Ironman Western Australia: Blind triathlete’s guide on steep learning curve I video

John Domandl, left, and Paul McGlynn at Eleebana on Thursday. Picture: Michael Parris
John Domandl, left, and Paul McGlynn at Eleebana on Thursday. Picture: Michael Parris

As if swimming 3.8km, riding 180km then running a marathon isn’t hard enough, imagine navigating someone else through the whole thing while you’re at it.

That will be Paul McGlynn’s role when he and fellow 56-year-old John Domandl take on the Ironman Western Australia in Busselton on December 4.

McGlynn, from Valentine, has finished 14 ironmans, including at the world championships in Hawaii this year, and is ranked in the top five in his age group in Australia.

Domandl, from Eleebana, has a degenerative eye condition and is legally blind. The 1988 Paralympics pentathlete has finished two ironmans and a three-day, 515km ultraman among a host of achievements.

In WA they will contest their first ironman together, aiming to set the fastest time in the world for a vision-impaired athlete of any age. And when McGlynn enters the water with Domandl next to Busselton Jetty, he will be diving into the unknown.

“The longer you get into an ironman triathlon, the brain works less,” McGlynn said on Thursday. “You’re really concentrating on yourself. You’re going, ‘I’m really in a world of hurt here.’ After the bike, 21km into the run, it’s all mental. And all your body’s trying to do is say stop.

“With John and I, we’re concentrating on each other as well as ourselves. It’s significantly harder. The other week we were running over in Speers Point Park and I forgot about a low-lying branch, and bang. I said, ‘Sorry, mate. I was watching the ground for you.’”

They hope to better 11 hours and eight minutes in WA, which is surprisingly close to McGlynn’s best time of 10 hours and 40 minutes.

2015 Ironman WA, Busselton

Domandl’s custom-made, carbon-fibre tandem is faster in a straight line than a solo bike but more cumbersome on hills and corners. He said the bike leg was particularly challenging for his partner, who controls the steering, gears and brakes.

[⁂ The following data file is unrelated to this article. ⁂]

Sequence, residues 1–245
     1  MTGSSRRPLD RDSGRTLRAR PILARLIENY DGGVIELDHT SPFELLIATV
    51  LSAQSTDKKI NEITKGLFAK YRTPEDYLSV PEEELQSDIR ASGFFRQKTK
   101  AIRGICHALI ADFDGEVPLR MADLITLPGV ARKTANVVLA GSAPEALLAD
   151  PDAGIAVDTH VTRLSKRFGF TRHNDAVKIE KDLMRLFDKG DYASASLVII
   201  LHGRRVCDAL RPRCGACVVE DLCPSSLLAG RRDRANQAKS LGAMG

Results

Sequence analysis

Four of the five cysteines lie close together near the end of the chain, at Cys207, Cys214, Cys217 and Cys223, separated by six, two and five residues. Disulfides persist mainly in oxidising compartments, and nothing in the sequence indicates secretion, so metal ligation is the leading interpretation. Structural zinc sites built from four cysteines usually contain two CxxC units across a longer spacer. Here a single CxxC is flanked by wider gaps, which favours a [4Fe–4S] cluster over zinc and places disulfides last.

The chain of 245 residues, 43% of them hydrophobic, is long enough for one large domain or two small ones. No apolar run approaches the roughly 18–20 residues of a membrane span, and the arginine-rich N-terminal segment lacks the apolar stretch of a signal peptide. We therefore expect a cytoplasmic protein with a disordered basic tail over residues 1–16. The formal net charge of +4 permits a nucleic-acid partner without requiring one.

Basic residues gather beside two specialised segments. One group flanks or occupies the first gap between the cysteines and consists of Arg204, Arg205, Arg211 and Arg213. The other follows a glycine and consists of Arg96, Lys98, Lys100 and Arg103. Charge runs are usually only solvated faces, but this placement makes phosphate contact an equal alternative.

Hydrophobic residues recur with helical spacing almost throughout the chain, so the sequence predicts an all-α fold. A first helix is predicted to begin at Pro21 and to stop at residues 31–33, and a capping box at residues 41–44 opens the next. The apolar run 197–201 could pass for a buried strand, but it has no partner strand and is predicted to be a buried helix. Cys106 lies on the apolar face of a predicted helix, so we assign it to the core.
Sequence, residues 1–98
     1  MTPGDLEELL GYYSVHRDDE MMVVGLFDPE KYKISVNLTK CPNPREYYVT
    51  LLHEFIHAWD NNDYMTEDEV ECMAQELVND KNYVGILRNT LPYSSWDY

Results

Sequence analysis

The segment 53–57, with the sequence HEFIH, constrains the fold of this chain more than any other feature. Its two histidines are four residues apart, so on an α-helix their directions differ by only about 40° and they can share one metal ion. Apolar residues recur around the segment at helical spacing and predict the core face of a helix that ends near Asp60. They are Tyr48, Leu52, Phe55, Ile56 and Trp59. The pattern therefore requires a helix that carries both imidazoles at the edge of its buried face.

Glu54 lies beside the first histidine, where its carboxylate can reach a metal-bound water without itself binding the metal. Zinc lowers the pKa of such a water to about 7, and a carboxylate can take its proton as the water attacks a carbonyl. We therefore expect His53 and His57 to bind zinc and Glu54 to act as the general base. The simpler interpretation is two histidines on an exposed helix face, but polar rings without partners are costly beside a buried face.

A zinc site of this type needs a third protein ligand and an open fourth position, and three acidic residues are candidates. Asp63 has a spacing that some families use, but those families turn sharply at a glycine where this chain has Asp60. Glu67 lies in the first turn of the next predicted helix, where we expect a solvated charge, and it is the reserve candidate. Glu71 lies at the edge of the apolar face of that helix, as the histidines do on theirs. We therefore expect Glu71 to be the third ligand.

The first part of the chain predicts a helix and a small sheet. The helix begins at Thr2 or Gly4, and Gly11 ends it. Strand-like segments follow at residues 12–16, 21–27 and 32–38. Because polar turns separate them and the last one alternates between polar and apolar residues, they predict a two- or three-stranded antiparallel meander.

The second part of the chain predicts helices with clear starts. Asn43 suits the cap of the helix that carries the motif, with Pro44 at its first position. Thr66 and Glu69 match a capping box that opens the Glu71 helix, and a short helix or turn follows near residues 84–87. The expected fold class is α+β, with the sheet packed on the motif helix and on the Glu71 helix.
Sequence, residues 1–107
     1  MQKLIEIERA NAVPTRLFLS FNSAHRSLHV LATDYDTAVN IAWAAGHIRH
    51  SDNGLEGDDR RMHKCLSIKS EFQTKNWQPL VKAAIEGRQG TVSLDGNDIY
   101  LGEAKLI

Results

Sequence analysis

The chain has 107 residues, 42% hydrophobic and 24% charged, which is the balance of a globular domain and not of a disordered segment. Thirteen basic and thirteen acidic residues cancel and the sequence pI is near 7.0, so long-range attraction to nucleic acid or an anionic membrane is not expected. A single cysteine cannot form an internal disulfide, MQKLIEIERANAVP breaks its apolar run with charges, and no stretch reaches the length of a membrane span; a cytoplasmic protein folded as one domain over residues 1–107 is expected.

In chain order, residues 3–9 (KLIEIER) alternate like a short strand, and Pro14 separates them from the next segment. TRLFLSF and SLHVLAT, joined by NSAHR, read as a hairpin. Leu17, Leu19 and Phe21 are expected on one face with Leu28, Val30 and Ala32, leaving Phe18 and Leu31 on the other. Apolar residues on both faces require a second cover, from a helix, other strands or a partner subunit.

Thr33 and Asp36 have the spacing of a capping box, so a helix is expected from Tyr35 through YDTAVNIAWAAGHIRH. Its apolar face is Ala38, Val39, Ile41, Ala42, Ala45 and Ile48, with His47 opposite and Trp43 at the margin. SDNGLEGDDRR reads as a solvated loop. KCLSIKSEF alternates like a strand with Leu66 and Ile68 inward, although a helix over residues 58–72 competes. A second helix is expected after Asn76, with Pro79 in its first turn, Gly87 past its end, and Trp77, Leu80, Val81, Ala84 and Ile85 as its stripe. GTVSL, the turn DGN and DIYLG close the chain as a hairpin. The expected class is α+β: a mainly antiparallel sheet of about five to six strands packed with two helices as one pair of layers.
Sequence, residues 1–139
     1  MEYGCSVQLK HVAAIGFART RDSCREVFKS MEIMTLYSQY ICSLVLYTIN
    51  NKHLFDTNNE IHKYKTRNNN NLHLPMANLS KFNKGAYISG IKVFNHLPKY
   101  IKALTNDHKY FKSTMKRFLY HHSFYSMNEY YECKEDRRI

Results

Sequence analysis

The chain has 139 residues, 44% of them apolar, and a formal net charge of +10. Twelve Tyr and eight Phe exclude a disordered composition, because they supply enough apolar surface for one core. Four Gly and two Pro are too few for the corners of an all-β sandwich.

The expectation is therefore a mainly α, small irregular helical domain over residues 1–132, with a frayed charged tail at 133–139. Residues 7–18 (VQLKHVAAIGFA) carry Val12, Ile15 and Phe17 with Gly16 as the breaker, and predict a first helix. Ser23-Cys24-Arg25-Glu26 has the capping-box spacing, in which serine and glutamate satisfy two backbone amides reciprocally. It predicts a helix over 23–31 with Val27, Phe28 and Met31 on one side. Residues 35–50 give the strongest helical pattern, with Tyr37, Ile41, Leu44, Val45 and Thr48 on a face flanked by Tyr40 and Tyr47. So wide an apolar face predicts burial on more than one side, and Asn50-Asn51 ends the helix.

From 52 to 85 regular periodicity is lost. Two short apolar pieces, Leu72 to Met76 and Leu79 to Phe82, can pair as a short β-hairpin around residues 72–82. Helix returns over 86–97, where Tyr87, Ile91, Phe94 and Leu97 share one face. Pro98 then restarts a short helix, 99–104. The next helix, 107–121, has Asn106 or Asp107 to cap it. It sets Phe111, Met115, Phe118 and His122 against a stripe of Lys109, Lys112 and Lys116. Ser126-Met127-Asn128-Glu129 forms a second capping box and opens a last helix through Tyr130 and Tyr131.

“Everything Paul sees with his eyes, he has to relay to me,” he said. “He’s riding for two. He’s not riding out there on a small seven-kilo bike. He has to think twice as hard from the start right the way to the finish, for 11 hours.

“It’s going to be a big learning curve for him, even though we’ve done a lot of training together.”

The two joined forces six months ago after Newcastle Triathlon Club sent out an email seeking a new guide for Domandl.

“I thought, ‘I wouldn’t mind having a crack at that,’” McGlynn said. “I was a bit scared that I’d be a bit slow for him or that we wouldn’t get on, because you’ve really got to click quickly.

“Triathlon, by its very nature, is an individual sport, but racing with John, it’s a team, and both of us have got to rely on each other to cross that line.

“It’s such a lonely sport, but this is really good. We’re always yakking.”

Domandl and McGlynn will be tethered by a 900-millimetre leg rope during the swim around Busselton’s 2km jetty, and they will not have the benefit of drafting in the water like the solo competitors.

Part of the challenge for Domandl is racking up the training miles to compete in endurance races.

“That’s one of the things with being visually impaired; you can’t just put your shoes on and go for a run by yourself,” he said. “You have to rely on other people to train with you, and that’s why it’s hard for a legally blind person to do the distances.

“I’ve done 10-hour sessions on spin bikes at home and run marathons on treadmills. Some people can’t get their head around that, but that’s the mental training. I’ve gone to athletics tracks and run a hundred 400 metres – 40km on an athletics track.”  


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